In general, cattle and buffalo are raised in extensive systems largely based around seasons and cropping cycles. During the wet season when crops are grown, animals required for draught power or manure are generally tethered in makeshift housing near the smallholder’s home away from cropping areas, while others are taken into forest areas to prevent crop damage. During the dry season, cattle usually graze freely on cropping land and on communal land with feed shortages common. However, there has been some development in feeding forages to cattle in parts of Laos. But feed availability is still constrained in many areas. In southern Laos for example, there is very little feeding of cattle using forages. This is due mainly to the harsh conditions and poor land quality. The most fertile land is taken up with rice production, and while there is significant common land for grazing, overstocking and general poor land condition mean that feed for cattle is in extremely short supply.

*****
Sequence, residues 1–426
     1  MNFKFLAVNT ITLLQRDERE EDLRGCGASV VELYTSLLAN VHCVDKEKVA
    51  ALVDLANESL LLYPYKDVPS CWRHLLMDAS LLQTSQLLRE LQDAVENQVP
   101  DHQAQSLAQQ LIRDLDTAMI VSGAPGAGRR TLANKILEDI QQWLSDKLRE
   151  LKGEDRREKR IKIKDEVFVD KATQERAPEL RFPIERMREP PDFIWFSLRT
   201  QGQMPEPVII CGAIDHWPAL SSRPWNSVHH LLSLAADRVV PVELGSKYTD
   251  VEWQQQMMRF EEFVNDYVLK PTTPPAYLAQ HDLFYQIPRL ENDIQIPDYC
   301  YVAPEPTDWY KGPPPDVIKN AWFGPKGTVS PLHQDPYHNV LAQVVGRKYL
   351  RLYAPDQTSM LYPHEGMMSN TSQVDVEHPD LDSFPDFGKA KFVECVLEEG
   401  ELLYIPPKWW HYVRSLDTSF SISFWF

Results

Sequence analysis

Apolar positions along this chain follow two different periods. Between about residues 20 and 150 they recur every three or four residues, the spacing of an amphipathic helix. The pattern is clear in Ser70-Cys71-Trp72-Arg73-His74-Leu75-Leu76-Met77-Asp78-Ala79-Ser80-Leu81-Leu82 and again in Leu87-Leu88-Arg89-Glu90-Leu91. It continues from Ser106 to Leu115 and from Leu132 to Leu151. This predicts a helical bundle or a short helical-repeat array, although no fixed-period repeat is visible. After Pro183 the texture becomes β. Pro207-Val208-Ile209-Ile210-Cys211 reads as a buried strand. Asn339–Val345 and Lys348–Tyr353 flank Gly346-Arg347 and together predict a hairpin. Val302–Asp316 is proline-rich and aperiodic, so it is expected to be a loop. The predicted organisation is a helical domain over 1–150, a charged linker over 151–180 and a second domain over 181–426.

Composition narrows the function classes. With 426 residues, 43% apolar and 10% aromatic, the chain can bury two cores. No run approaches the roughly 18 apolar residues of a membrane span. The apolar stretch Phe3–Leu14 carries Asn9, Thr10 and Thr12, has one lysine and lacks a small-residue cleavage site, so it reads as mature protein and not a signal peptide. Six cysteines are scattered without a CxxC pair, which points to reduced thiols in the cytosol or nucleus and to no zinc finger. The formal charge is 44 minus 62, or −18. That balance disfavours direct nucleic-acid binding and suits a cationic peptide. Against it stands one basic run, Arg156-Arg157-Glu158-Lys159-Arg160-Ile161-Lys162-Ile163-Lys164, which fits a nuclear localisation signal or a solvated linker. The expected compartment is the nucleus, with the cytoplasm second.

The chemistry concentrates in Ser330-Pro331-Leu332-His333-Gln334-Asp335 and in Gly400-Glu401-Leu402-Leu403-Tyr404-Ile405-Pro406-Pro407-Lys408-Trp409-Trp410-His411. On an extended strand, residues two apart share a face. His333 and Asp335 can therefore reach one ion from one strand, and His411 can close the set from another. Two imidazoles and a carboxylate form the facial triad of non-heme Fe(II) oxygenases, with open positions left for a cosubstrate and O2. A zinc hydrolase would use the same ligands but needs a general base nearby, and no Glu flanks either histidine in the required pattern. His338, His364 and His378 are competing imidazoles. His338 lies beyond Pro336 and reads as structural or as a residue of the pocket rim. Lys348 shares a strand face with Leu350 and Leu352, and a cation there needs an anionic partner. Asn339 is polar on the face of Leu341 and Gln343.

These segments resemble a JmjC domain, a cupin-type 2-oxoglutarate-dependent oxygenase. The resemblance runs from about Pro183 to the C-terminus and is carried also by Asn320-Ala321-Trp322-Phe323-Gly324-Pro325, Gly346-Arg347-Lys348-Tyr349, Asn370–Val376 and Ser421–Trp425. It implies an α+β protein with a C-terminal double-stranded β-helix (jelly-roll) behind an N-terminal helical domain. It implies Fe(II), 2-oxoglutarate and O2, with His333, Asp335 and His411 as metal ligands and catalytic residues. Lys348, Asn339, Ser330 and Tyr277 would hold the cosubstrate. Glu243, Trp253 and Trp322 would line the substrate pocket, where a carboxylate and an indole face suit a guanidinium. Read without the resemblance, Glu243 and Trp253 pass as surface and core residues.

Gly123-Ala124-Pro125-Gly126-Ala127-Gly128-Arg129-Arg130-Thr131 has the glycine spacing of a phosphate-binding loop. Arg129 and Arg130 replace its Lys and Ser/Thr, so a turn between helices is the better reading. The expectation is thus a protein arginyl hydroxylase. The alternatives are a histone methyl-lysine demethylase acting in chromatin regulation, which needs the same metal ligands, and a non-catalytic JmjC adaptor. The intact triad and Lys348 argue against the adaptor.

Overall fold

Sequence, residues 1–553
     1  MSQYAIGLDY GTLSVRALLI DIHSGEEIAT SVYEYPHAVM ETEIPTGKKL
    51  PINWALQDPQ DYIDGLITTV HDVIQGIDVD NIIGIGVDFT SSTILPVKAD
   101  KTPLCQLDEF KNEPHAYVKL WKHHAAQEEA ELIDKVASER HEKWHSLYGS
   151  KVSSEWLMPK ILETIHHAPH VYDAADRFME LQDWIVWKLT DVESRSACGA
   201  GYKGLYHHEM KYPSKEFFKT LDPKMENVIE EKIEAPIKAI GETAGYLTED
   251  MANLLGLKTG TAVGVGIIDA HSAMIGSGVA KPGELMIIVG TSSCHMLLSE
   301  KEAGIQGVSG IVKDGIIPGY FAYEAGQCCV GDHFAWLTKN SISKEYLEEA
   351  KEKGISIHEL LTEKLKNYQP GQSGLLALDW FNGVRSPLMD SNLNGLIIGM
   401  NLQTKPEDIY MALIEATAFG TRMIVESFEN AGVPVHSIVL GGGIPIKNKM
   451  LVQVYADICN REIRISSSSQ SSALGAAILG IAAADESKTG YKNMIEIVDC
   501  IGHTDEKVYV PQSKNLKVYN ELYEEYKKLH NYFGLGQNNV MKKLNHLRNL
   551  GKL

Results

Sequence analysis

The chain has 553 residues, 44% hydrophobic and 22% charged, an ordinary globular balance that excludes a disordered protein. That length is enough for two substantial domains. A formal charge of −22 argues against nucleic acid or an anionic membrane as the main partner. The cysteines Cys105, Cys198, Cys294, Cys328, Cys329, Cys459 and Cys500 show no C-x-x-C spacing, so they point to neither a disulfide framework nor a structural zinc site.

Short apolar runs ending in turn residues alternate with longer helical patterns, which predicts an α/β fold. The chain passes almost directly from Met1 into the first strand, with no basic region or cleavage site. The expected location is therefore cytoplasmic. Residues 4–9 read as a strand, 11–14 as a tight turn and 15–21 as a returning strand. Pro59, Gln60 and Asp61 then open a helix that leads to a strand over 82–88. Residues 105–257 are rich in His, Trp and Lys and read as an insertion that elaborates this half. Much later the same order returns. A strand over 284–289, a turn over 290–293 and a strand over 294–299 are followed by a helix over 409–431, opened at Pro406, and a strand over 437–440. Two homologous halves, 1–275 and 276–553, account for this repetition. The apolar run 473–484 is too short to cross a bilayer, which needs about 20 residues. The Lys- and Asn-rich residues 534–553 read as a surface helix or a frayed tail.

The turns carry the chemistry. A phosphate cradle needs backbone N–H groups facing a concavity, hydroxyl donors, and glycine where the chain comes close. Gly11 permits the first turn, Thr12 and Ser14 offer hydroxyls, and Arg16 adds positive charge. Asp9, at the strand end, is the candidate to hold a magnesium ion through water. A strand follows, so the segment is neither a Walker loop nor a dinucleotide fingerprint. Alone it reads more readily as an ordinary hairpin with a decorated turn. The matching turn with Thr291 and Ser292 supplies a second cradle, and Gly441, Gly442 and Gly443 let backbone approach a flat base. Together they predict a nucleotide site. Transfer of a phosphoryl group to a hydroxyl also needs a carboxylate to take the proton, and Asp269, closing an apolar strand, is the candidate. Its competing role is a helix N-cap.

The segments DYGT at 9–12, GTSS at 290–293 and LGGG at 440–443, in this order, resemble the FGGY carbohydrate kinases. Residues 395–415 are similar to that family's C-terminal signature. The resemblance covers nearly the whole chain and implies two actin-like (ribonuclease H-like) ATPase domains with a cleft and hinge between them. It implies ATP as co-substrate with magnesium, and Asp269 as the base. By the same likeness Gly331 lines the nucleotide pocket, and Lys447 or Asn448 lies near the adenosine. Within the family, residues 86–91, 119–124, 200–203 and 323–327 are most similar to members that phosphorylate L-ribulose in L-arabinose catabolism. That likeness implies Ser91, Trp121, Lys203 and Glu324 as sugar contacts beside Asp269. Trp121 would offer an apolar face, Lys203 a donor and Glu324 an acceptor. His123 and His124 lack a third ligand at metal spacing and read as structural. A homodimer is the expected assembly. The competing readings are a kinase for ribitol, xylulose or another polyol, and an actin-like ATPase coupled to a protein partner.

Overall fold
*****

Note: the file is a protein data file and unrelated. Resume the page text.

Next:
Due to the fact that smallholder cattle are primarily raised in small-scale production systems, the cattle productivity remains relatively low comparing to global average. The average carcass weight of Lao cattle is about 125 kg in comparison with 181kg of the global average. As a result, the annual meat production per capita only reaches 21.3kg per person per year while the regional average is 30 kg per person per year (FAOSTAT 2012). This suggests that Laos needs more efforts to expand its cattle population and raise its productivity in order to meet demand of domestic market as well as export to neighboring countries (NAFRI&IPSARD 2013).